As used herein, an amino acid substitution to the replacement of at least one existing amino acid residue in a predetermined amino acid sequence with another different “replacement” amino acid residue. The replacement residue or residues can be “naturally occurring amino acid residues” (i.e., encoded by the genetic code) such as alanine (Ala); arginine (Arg); asparagine (Asn); aspartic acid (Asp); cysteine (Cys); glutamine (Gln); glutamic acid (Glu); glycine (Gly); histidine (His); isoleucine (Ile): leucine (Leu); lysine (Lys); methionine (Met); phenylalanine (Phe); proline (Pro); serine (Ser); threonine (Thr); tryptophan (Trp); tyrosine (Tyr); and valine (Val). Substitution with one or more non-naturally occurring amino acid residues is also encompassed by the definition of an amino acid substitution herein. A “non-naturally occurring amino acid residue” refers to a residue, other than those naturally occurring amino acid residues listed above, which is able to covalently bind adjacent amino acid residues(s) in a polypeptide chain. Examples of non-naturally occurring amino acid residues include norleucine, ornithine, norvaline, homoserine and other amino acid residue analogues such as those described in Ellman, et al. ((1991) Meth. Enzym. 202:301-336). To generate such non-naturally occurring amino acid residues, the procedures of Noren, et al. ((1989) Science 244:182) and Ellman, et al. ((1991) supra) can be used. Briefly, these procedures involve chemically activating a suppressor tRNA with a non-naturally occurring amino acid residue followed by in vitro transcription and translation of the RNA.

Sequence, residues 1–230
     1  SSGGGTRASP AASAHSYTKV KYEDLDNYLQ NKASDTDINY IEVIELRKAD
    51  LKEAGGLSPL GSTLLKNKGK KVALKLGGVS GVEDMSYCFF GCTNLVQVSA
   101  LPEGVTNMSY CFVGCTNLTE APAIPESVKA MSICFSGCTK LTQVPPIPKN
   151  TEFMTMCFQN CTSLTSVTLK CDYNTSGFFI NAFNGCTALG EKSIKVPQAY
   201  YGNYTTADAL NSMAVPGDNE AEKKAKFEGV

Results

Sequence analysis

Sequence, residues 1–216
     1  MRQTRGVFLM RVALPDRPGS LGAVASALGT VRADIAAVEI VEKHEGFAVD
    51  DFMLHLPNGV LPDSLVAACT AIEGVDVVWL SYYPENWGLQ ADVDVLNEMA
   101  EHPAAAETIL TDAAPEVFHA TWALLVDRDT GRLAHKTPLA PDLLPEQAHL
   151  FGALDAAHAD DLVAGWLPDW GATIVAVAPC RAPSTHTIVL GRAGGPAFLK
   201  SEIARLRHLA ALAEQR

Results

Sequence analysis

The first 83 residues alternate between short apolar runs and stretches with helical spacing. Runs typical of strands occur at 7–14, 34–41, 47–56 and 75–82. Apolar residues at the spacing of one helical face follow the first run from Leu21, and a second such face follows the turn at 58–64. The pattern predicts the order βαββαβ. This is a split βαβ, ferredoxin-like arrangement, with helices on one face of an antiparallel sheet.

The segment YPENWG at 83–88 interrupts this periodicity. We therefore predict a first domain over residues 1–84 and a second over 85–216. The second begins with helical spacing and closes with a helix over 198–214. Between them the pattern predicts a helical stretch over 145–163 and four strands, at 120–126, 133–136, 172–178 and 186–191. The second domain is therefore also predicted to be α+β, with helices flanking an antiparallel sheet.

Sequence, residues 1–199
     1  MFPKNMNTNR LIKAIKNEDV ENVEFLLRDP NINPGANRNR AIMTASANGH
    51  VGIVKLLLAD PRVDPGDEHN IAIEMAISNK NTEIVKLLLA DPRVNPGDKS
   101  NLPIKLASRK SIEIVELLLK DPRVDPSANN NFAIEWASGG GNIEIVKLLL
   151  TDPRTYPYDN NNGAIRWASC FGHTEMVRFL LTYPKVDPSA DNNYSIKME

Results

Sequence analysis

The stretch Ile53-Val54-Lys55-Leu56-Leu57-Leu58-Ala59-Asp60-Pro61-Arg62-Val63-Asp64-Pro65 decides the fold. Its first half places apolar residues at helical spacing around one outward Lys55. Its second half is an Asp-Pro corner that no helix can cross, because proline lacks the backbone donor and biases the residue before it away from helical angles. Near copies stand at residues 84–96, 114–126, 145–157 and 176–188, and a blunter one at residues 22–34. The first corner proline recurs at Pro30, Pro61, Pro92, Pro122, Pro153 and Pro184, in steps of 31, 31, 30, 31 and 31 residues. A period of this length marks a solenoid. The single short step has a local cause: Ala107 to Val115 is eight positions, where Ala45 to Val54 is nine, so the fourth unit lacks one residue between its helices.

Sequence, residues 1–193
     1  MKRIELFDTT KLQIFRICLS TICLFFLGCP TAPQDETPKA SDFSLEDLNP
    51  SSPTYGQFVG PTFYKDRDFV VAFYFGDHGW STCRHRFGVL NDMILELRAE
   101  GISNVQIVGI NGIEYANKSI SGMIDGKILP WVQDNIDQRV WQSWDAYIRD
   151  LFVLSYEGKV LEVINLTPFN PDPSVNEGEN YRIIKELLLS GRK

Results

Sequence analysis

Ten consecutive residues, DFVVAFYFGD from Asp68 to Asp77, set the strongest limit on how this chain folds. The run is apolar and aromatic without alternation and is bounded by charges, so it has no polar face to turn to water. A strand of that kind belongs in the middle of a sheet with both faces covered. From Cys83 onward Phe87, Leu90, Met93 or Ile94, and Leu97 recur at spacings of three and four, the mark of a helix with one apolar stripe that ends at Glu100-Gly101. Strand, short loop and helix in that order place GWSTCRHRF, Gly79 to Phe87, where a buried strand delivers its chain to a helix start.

To minimize the generation of neoepitopes, particular embodiments embrace substituting the amino acid residues of the IgG2 Fc region with the corresponding IgG4 amino acid residues (i.e., amino acid residues located at the same position in IgG4). An exemplary non-immunostimulatory IgG2 Fc region composed of a substantial portion of the native human IgG2 Fc region with selective incorporation of human IgG4 amino acid residues is set forth herein is IgG2m4 (SEQ ID NO:1). In IgG2m4, amino acid residues 268, 309, 330, and 331 of IgG2 Fc were substituted with the corresponding amino acid residues of the IgG4 Fc region (see